Most people get pretty excited about augmented reality. It helps us to do our jobs, play games, and organize and access information in new ways. It also draws a lot of attention. That’s why one global organization is using AR technology to draw attention to its most recent campaign.
Malaria No More
Malaria is a mosquito-borne deadly, though preventable and treatable, disease. While the disease isn’t a huge problem in most places with developed health and technology infrastructures, it remains a problem in a big part of the world.
Malaria No More is an organization dedicated to stopping the spread of the disease. No stranger to drawing people’s attention, the organization works with international soccer star and UNICEF Goodwill Ambassador David Beckham.
The organization’s current campaign, “Malaria Must Die, So Millions Can Live”, hopes to draw the attention of world leaders. Their aim is to do this with a voice petition. The voice petition consists of audio recordings of people around the world saying “Malaria must die.” By taking all those voices and combining them together to create one unique soundscape, the organization believes the leaders will then “have to listen”. The audio will then be played at an upcoming meeting of The Global Fund to Fight AIDS, Tuberculosis and Malaria.
“It’s important to find new ways to echo and amplify the voices of those still affected by malaria, giving everyone the opportunity to speak out and demand action to end this preventable disease,” said James Whiting, Malaria No More UK CEO, in a statement shared with ARPost.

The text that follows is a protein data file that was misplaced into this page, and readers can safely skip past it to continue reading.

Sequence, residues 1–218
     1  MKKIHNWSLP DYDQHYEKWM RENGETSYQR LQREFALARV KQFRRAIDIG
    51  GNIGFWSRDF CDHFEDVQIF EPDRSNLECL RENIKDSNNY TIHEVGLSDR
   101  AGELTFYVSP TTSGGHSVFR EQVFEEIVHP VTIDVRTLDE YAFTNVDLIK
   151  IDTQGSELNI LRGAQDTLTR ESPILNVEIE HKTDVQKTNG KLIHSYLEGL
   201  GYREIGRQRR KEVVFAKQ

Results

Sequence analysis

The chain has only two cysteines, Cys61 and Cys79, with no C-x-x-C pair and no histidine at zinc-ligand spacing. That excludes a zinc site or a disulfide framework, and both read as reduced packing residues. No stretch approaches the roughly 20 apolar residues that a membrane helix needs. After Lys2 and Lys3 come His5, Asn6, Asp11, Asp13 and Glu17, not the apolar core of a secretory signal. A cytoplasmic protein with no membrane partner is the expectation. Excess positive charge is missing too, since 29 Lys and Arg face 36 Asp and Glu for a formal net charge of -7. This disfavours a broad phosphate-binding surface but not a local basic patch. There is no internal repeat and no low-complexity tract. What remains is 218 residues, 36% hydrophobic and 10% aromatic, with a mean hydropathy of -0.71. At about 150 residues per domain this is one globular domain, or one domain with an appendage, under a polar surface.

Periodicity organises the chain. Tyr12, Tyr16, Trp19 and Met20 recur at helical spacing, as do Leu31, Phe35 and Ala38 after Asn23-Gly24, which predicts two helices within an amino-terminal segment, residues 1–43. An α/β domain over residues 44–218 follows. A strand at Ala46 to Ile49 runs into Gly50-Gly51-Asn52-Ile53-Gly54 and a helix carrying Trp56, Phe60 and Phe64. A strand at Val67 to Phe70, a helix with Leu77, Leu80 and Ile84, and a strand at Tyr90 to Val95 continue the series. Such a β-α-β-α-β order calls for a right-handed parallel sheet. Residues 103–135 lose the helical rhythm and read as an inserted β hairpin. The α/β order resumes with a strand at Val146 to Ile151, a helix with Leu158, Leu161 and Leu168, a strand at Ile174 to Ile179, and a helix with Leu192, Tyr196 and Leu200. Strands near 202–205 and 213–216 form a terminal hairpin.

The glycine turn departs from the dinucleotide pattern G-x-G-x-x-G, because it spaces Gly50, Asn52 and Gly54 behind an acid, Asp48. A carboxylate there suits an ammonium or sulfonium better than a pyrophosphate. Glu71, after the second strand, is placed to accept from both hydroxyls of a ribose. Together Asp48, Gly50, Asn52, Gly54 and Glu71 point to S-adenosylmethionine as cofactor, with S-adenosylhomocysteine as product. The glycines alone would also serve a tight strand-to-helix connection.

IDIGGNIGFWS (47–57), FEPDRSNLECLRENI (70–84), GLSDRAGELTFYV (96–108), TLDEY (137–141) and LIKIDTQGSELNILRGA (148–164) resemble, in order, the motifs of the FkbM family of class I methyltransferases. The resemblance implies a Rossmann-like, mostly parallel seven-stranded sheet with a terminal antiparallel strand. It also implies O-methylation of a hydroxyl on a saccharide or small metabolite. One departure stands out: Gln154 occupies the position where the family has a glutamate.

Using AR Technology
This campaign could have launched any time in the last one hundred years. If you think about it, all that it really requires is the ability to record and playback audio. However, some cutting edge technologies are giving the campaign some extra pizzazz.
The promotional video that launched the campaign appears to feature Beckham speaking nine different languages. Organization’s partners, a technology company Synthesia, created the video using AI video synthesis technology. By creating a lifelike model of Beckham’s face, they could then change the language he speaks, and assign another language that a member of the global community recorded speaking earlier.
This week, the campaign also started using AR technology to reach out to even more potential supporters. The initiative involves an AR filter created pro-bono by Powster and Facebook and powered by Quividi.
“It’s exciting to employ our technical expertise to create a really cutting-edge experience that will capture attention and help amplify the Malaria Must Die message around the world,” said Abi Smith, Creative Director of Powster.
“The filter simulates a swarm of deadly mosquitoes around the users head, which dissipate when the user ‘speaks up’ and return when they are silent, reinforcing the message that malaria declines with increased action, but can return with a vengeance when the fight is deprioritized,” reads the statement.
Users prize augmented reality for its ability to make a user part of the action. That’s precisely the aspect of AR technology that the Malaria Must Die campaign uses. By illustrating how every user can speak up for the fight against malaria, the filter is an evocative and powerful call to action.
Now, take a minute and go Speak Up.